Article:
Work starts on Afghan part of Turkmenistan-Afghanistan-Pakistan-India pipeline

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KABUL (TCA) — Leaders of Afghanistan, Turkmenistan, Pakistan, and India have inaugurated the start of work on the Afghan section of a multibillion-dollar natural-gas pipeline project aimed to diversify Turkmenistan’s gas-export routes, help Afghanistan earn by gas transit, and meet the energy needs of South Asian nations.

The Afghan and Turkmen presidents, Ashraf Ghani and Gurbanguly Berdymukhammedov, were joined by Pakistani Prime Minister Shahid Khaqan Abbasi and India’s Minister of State for External Affairs M.J. Akbar on February 23 in Afghanistan’s western city of Herat for the groundbreaking ceremony for the Afghan section of the TAPI (Turkmenistan-Afghanistan-Pakistan-India) natural-gas pipeline, RFE/RL’s Radio Free Afghanistan reported.

“Galkynysh, the world’s second-biggest gas field, will feed the TAPI pipeline,” Berdymukhamedov told reporters gathered in a town near the Turkmen-Afghan border via a video link from Herat.

Turkmenistan holds the world’s fourth-largest natural gas reserves but has been heavily dependent on gas exports to China after Russia cut back on gas imports in the last few years.

The planned 1,800-kilometer pipeline connecting Central Asia with South Asia is to carry 33 billion cubic meters of Turkmen natural gas annually for 30 years.

The total cost of the project, which is expected to take two years to complete, is estimated at $10 billion.

“A new chapter of economic growth and regional connectivity starts right here in the economic and cultural hub of #Afghanistan,” Ghani wrote on Twitter after arriving in Herat on February 22.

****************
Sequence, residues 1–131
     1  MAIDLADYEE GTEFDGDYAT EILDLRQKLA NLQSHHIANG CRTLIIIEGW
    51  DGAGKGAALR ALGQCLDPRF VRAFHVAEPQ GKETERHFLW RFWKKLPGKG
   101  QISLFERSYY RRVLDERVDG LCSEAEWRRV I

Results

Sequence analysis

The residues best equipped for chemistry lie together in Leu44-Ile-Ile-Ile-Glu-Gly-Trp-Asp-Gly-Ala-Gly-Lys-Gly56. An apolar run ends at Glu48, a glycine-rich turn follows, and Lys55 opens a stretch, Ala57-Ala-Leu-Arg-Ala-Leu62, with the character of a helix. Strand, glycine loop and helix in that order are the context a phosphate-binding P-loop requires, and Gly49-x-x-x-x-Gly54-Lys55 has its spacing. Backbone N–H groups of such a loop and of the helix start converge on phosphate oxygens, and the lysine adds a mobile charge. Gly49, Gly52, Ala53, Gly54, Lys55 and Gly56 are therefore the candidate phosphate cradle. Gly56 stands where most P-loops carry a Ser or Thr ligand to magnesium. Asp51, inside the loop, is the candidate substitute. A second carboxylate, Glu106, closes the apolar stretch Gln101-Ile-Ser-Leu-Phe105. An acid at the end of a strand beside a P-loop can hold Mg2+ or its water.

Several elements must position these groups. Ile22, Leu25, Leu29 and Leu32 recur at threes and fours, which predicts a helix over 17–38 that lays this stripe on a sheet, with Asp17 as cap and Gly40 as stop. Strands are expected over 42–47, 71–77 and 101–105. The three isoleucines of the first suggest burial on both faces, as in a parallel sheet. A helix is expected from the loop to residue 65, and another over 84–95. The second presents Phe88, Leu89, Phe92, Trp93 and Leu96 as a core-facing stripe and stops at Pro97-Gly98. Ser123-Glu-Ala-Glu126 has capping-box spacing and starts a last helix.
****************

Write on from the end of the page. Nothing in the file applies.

Heavy security will guard the pipeline construction through Afghanistan, said Jelani Farhad, a spokesman for the Herat provincial governor’s office, on February 23.

“It’s a golden day for Afghanistan today. It will help our economy and create thousands of jobs,” Farhad said.

Backers of the TAPI pipeline say it will ease energy deficits in South Asia and help reduce tensions in the divided region.

Afghan officials say Kabul should earn some $500 million annually in transit duties and that the project should help create thousands of jobs.

The planned underground pipeline is intended to carry 33 billion cubic meters of gas annually alongside Afghanistan’s Herat-Kandahar highway, then through Quetta and Multan in Pakistan and ending up at the India-Pakistan border town of Fazilka.

It would start from the Galkynysh Gas Field near the town of Yoloten in Turkmenistan’s eastern province of Mary.

Officials say 5 billion cubic meters would go to Afghanistan and India, and Pakistan would buy around 14 billion.

The pipeline would mostly run through parts of Afghanistan where the Taliban have a strong presence. However, the main Taliban organization in the country has declared its support for TAPI, calling it an “important project” for the country.

Sergey Kwan

TCA